• Two readers (both much more knowledgeable than I am) indicated that it is inaccurate to speak of "the" Septuagint. D.R. Driver commented, "It's surprising how much of the literature still refers to this unproblematically, whereas it is a highly eclectic text."

    Point taken. And it suggests that the title of my first post is misleading:  we are not choosing between the Masoretic text and a similarly standardized Septuagint text.

    Nonetheless, the observation doesn't obviate the point that I wanted to make. I set out to problematize Childs's emphatic preference for the Masoretic text, and I believe I have successfully done so.

    It would be a mistake to assume that the Masoretes had pure motives as they went about standardizing the Hebrew text. Variant Greek manuscripts (however ecclectic) may testify to an original text that was distorted by the Masoretes:  perhaps inadvertently, or perhaps as part of a deliberate campaign to undermine the claims of Christianity.

  • The same readers objected to one of my statements in the first post:  "… at many points the Septuagint is more open to a Christian reading than the Masoretic text." I concede that the statement is a generalization that I cannot justify.

    On the other hand, Tim pointed to a couple of important verses (Is. 7:14 and Ps. 22:16) in support of my contention. Allow me to restate my position more cautiously:  in some cases, the Greek text(s) is more open to a Christian reading than the Masoretic text.

  • John stakes out an intriguing position. In cases where the Greek text differs significantly from the Masoretic text (e.g. Jeremiah), John maintains that exegetes should explore both versions. John comments:
    I think a return to the older pre-Reformation and pre-Tridentine tradition is in order, in which the outer limits of the canon and the precise contents of the text of the component books were up for grabs. Why not return to allowing a degree of fluidity on these matters?
    This is certainly an acceptable proposal to me.

    The title of my previous post set up a false dichotomy between the Masoretic text and the Septuagint, as if we had to choose either one or the other. I suppose the title was poorly chosen. I never intended to argue that Christians should prefer the Septuagint to the Masoretic text in every case. (Nor did I state such a thing anywhere in the post.)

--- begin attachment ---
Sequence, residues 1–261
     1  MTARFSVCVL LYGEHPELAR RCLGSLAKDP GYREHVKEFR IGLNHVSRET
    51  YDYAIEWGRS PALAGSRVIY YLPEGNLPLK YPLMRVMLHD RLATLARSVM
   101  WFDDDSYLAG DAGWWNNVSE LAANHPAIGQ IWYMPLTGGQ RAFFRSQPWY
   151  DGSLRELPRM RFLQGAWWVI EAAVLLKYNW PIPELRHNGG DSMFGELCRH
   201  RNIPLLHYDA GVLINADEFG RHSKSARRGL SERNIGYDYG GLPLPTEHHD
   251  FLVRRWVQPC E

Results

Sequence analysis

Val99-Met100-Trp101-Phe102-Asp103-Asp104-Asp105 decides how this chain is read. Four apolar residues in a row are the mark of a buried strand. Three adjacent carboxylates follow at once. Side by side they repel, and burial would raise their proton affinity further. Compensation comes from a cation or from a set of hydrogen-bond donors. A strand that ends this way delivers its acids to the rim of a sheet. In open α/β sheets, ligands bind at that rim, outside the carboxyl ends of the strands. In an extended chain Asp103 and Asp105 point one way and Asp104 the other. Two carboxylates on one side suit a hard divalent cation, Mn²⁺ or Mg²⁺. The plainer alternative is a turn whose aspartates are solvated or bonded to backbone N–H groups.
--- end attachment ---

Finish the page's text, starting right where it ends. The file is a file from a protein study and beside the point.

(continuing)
My thesis ought not to be controversial. I submit that any responsible interpreter must take all variant readings into account. (Certainly that is the practice among New Testament scholars.)

I understand why exegetes begin with the text in the original language, and only secondarily turn their attention to versions. However — and here is where I part company with Childs — there are extenuating circumstances to consider with respect to the Masoretic text. The Masoretes were under extraordinary pressure to undermine any distinctively Christian reading of scripture.

Therefore:  (a) when an Old Testament passage is taken up in the New Testament, and used as a proof text for a distinctively Christian doctrine; and (b) there is a significant difference between the Masoretic text and the New Testament quote (or allusion); then (c) the Christian interpreter must seriously consider the possibility that the Masoretic text is corrupt.

Amos 9:12 is an outstanding illustration of my point.

If Luke's account of the so-called Jerusalem council is not historical, then we cannot trace the apologetic use of Amos 9:12 back to James. In that case, it is Luke himself who appeals to Amos 9:12 as a proof text.

Even so, the Christian interpreter must seriously consider the possibility that the Masoretic text of Amos 9:12 is corrupt.

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1Brevard Childs, Introduction to the Old Testament As Scripture. Fortress Press, 1979, p. 97.

2Scripture is quoted from The Holy Bible, English Standard Version.

The English translation of the Septuagint text comes from Michael A. Braun, "James' Use of Amos at the Jerusalem Council: Steps Toward a Possible Solution of the Textual and Theological Problems", JETS 20 (June 1977) 113-121 (translation of LXX at p. 115).

3Braun, ibid., p. 117.

4ibid., p. 116.

Thursday, November 29, 2007

Which text: Masoretic or Septuagint?

I'm currently studying two topics. (1) I'm reading Brevard Childs's Introduction to the Old Testament as Scripture, in preparation for two posts on the canonical approach. (2) I'm familiarizing myself with the book of Amos, because I plan to blog my way through the whole book.

Childs's proposal:

The two topics have come together this week, at least in my mind. It was triggered by Childs's assertions about the Masoretic text: